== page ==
The deputy medical examiner knew before knocking on the door. There was a grim scene waiting for Eric Tonsfeldt inside the single-story house set among the pine trees outside of Oregon City, Ore. — a tragedy that had played out there before.
It was around 8:45 on March 5, 2017, and the Clackamas County official was responding to a report of a dead newborn.
The child had not been delivered in a hospital. She wasn’t attended to by doctors and nurses. The baby died amid the murmured prayers of friends and family. But Tonsfeldt knew — as everyone else in the county and many beyond all the way up to the state legislature — that this was a familiar occurrence with members of the Followers of Christ Church, a faith-healing sect numbering around 1,000 members.
The Mitchells are the fifth set of parents from the Followers of Christ Church to face criminal charges after failing to secure medical attention for their children in the past nine years, according to the prosecutor.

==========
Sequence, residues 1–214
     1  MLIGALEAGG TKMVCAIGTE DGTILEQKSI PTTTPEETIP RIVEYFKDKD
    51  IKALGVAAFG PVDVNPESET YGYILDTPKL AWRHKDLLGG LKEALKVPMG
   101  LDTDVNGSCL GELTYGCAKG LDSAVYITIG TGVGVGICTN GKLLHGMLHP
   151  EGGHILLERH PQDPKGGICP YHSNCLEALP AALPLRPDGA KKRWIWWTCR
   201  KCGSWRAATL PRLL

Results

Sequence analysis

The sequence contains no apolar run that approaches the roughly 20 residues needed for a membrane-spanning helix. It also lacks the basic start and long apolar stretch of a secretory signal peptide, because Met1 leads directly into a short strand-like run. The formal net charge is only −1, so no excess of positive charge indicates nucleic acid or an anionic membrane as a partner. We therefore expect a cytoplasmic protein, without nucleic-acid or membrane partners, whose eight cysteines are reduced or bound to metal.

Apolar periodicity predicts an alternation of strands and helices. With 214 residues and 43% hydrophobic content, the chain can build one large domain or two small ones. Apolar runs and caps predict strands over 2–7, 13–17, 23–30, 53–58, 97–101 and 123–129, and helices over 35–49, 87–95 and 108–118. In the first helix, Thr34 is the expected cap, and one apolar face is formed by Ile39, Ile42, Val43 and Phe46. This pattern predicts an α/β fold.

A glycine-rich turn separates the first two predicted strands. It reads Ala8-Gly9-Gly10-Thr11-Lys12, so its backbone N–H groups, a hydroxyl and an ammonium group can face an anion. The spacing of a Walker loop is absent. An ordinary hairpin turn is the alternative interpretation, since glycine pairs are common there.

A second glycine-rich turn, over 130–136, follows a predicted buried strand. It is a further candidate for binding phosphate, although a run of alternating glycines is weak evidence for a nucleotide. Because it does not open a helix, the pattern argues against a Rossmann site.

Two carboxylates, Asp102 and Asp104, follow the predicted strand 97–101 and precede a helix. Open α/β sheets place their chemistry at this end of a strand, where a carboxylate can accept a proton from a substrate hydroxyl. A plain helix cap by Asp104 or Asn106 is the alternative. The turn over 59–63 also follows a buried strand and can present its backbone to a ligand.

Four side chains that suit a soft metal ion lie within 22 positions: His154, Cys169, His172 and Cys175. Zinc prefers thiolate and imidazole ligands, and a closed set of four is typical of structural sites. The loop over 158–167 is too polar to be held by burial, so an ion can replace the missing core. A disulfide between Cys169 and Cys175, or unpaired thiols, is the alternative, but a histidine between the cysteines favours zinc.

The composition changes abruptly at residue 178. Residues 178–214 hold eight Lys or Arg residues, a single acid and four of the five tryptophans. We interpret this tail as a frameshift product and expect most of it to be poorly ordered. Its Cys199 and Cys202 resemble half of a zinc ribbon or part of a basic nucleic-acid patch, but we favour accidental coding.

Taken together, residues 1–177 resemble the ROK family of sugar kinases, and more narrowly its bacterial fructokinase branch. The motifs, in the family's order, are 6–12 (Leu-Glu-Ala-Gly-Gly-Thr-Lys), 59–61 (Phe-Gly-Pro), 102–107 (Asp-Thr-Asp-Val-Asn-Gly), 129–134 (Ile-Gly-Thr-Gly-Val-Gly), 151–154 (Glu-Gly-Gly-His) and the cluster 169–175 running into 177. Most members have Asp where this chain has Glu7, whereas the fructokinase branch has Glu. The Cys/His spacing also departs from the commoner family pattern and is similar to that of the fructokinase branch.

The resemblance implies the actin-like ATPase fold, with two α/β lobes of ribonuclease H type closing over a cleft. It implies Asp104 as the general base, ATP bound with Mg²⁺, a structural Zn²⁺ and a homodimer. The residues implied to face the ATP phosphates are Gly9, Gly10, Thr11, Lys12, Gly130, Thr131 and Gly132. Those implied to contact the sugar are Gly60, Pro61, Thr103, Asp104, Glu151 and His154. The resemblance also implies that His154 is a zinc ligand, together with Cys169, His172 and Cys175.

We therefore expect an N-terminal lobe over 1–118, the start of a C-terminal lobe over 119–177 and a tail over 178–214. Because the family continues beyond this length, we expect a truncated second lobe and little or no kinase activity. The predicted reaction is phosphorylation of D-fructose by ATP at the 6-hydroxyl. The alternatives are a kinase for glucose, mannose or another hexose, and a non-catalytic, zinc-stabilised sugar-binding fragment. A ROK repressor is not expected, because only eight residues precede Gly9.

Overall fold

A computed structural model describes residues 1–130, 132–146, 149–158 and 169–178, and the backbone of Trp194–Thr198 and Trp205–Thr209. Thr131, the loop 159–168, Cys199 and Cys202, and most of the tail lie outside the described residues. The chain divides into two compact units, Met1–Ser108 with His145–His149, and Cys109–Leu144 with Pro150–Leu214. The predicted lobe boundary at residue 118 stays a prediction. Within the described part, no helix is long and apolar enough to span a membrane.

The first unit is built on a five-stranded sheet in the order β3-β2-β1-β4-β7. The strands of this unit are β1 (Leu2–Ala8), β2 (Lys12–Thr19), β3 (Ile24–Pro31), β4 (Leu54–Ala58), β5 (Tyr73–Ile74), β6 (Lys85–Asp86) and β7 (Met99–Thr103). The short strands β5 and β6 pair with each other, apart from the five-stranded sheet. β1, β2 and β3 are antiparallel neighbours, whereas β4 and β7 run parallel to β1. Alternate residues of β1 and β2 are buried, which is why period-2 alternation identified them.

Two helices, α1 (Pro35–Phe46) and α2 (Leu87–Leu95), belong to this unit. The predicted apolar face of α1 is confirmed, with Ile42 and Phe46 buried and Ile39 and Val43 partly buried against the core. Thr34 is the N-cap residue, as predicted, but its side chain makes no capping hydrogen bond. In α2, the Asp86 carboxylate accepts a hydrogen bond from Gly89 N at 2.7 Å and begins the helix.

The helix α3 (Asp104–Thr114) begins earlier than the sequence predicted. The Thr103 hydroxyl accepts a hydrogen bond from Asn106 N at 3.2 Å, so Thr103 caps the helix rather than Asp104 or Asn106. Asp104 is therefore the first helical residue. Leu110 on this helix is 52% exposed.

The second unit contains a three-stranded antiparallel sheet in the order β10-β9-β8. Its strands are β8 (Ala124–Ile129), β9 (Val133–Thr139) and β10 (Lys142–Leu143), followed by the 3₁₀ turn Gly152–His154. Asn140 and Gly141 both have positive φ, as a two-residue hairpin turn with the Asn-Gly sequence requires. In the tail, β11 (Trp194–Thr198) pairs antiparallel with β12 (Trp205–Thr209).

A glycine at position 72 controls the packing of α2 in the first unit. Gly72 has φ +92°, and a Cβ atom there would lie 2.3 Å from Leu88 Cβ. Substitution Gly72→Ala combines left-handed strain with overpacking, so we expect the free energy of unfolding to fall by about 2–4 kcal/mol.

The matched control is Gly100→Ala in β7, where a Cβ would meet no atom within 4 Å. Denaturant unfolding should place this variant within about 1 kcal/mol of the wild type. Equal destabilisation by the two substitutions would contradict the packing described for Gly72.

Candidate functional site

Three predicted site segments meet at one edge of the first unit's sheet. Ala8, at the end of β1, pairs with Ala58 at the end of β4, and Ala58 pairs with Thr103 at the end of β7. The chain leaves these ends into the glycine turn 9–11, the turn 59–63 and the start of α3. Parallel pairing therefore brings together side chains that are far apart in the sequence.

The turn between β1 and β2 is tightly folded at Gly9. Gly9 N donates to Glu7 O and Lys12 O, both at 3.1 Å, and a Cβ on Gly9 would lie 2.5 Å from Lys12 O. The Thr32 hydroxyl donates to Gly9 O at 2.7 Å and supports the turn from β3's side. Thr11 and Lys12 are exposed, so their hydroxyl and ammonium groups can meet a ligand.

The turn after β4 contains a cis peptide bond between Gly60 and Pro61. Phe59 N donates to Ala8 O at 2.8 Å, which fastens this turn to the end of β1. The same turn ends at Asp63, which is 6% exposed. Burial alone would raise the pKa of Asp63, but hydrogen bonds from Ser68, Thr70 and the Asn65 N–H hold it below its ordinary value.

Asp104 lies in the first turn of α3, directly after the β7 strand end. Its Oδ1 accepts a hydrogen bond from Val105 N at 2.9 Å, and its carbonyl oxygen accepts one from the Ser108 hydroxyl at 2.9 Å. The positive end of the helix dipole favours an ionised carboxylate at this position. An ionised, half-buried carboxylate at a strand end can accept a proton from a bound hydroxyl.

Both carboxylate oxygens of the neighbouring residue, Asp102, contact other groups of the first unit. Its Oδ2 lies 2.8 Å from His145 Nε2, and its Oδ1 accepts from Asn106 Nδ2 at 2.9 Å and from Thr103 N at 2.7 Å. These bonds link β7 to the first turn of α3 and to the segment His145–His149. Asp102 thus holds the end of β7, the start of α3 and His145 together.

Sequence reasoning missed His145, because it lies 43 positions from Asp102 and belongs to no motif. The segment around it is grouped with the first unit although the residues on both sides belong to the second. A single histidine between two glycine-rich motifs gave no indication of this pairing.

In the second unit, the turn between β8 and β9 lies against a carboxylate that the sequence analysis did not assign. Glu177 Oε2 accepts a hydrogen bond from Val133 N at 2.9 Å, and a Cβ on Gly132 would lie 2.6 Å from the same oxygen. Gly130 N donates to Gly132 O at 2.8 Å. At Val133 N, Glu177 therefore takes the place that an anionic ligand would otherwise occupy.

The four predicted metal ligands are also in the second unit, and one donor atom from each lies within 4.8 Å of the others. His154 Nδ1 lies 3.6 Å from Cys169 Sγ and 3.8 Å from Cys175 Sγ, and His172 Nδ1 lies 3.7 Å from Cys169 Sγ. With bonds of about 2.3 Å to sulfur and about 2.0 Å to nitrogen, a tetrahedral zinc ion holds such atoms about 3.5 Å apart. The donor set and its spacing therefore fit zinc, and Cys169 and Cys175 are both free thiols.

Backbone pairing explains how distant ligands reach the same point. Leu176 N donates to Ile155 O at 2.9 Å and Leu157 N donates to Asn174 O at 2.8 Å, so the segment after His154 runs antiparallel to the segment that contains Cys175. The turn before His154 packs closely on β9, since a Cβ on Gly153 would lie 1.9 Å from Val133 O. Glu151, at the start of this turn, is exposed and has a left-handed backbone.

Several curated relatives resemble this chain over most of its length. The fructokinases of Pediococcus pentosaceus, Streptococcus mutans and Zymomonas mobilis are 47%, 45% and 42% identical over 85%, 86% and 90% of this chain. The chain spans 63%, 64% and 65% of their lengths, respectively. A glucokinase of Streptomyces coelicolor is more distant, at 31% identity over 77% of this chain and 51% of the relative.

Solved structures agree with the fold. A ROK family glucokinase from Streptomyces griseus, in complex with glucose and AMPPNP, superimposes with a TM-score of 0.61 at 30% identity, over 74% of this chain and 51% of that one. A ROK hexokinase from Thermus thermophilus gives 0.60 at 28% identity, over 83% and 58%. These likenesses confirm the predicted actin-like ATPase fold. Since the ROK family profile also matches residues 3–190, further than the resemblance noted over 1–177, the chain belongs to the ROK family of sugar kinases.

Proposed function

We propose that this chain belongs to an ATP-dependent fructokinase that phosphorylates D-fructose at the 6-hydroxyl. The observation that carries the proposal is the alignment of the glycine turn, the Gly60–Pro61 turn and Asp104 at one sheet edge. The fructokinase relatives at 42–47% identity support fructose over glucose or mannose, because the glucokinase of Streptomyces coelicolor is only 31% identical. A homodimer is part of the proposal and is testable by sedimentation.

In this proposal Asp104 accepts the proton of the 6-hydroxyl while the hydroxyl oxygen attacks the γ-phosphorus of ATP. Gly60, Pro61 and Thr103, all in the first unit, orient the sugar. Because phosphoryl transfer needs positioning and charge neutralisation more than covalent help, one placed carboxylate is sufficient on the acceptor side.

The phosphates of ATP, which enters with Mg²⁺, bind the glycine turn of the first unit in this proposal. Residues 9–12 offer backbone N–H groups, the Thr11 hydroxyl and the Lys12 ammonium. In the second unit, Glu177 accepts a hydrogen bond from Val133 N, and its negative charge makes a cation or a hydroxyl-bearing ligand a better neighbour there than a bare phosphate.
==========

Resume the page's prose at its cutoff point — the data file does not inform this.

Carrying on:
“For far too long, children in this church have been needlessly suffering and dying because their parents, as a condition of their religious beliefs, have refused to seek medical care for their children,” the district attorney’s office stated. “And for the past 17½ years, the Clackamas County District Attorney’s Office has been working diligently to hold criminally responsible any parents who fail to provide adequate medical care for their children which causes their death or serious physical injury.”
“They believe that God heals, which all Christians believe, but they take it a step further, thinking that God always heals,” religion columnist Jonathan Merritt told The Washington Post in 2015. “Most Christians have not interpreted scripture as a sort of universal promise that faith will always lead to healing. But there are some popular movements in America that still hold those views. Even those movements, however, don’t believe you should withhold medicine; they believe medicine is used as a conduit to healing.”